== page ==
"Teacher" was talking to her Kosovar students about the war and about how not all Serbs are bad and it's not good to generalize the whole population as being one way...right?
MONDAY, MARCH 5, 2001
...Is their bitterness, their fear so great that they could do to Serbs what Serbs did to them? Could soft-spoken Veton burn a Serb village because his own was burned by Serbs? Would sweet, wide-eyed Enver, who loves basketball and never misses a class, stand by and watch while atrocities were committed? Could any of these bright, kindhearted young people kill Serbs because they are Serbs?
And if I were in their shoes, what would I be capable of? Have I come to grips with the darkness in my own heart?
Tonight I read the words of Francois Bizot, who was imprisoned by the Khmer Rouge for three months in 1971 and who writes in Le Portail: "Every war needs killers and they can always be found. We always put ourselves in the skin of the victims and not of their killers - we never put ourselves in the skin of a Nazi or Khmer Rouge. Yet between them and us there is very little difference, no more than between the victim and us."
And the same from Matthew Spender: "In extreme situations only chance divides the role of the torturer from that of his victims."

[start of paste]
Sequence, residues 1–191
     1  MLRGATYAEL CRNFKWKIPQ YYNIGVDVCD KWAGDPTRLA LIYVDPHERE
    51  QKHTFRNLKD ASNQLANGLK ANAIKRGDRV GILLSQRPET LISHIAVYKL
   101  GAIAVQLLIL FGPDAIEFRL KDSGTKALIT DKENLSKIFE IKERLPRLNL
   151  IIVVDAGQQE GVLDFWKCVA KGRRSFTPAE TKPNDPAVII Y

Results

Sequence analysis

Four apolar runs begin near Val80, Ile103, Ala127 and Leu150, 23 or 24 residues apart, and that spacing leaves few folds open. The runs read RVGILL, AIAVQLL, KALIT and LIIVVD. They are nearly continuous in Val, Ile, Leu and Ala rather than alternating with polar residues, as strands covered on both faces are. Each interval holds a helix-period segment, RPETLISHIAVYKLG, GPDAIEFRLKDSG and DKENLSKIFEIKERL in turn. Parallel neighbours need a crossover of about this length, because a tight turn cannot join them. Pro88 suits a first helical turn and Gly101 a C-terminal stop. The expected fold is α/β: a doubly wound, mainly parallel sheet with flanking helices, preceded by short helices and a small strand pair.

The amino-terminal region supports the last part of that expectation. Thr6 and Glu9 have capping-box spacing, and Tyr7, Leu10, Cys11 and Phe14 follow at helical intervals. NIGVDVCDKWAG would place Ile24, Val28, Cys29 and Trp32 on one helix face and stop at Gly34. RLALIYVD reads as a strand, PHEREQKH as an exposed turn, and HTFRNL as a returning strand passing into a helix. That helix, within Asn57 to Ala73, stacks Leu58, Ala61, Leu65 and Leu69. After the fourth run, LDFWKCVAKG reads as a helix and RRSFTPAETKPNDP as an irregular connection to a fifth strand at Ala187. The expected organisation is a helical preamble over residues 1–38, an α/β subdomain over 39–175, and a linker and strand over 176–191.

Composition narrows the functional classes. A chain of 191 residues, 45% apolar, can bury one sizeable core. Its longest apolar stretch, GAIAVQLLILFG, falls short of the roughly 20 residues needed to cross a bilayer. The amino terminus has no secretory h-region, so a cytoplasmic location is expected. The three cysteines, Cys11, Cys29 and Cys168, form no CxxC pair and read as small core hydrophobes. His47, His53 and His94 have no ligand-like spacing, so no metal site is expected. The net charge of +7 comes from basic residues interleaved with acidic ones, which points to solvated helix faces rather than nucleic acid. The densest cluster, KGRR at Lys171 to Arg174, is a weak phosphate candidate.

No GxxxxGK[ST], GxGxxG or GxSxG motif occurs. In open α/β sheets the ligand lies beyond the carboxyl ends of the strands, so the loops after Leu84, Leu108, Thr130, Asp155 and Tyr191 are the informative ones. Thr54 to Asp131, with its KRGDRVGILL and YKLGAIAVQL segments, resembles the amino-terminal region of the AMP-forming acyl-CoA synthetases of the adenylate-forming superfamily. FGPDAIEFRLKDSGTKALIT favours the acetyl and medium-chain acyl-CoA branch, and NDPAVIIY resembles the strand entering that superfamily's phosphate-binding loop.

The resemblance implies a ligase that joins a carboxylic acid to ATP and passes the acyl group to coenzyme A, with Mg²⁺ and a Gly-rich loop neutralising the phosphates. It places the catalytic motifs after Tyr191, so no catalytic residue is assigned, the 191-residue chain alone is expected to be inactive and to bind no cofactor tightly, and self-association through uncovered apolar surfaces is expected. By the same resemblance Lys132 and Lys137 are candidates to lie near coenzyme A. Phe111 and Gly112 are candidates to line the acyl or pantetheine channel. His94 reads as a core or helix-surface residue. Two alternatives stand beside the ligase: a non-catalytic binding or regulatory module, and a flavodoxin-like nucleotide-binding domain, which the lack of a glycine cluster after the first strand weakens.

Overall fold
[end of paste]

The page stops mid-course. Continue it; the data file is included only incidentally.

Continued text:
Are they right? Given the right circumstances, we are all, even the best of us, capable of anything? There are no easy answers, in Kosovo or anywhere else. (pg. 188)
I was talking to a friend in Damascus the other day and he was saying how things have changed the last two months. The uprisings that began in Syria back in March have continued yet Friend has noticed a shift. He said people are openly talking of revenge, of siding with the devil if it means toppling the regime. His exact words to me were:
ordinary people are now talking of revenge and very very dark thoughts
i fear that we will be torn apart there is so much hate now i never imagined that we would reach this levelHe said he'd even lost friends because of differing of opinions, there was much sectarian division and he did not like the way things were headed.
Listening to Friend talk and reading this excerpt from Ms. Huntley's journal makes me think the man she quoted is right when he says we often identify with the victims without perhaps realizing we are capable of evil things if circumstances go another way. Maybe the Nazis didn't realize they were doing anything wrong. They were cleansing the world of filth in order to ensure the strongest of the species survived, right? And for the Syrian regime: why not stop those traitors who are bent on destroying the country? Even religions OK killing treasonous people, don't they?
It's actually pretty easy to rationalize our favorite evil things. Thankfully most of us won't go the route of rounding up people for gas chambers, or mutilating young boys for the sake of power and control of a country. But...
What do you think of the quotes in this journal entry?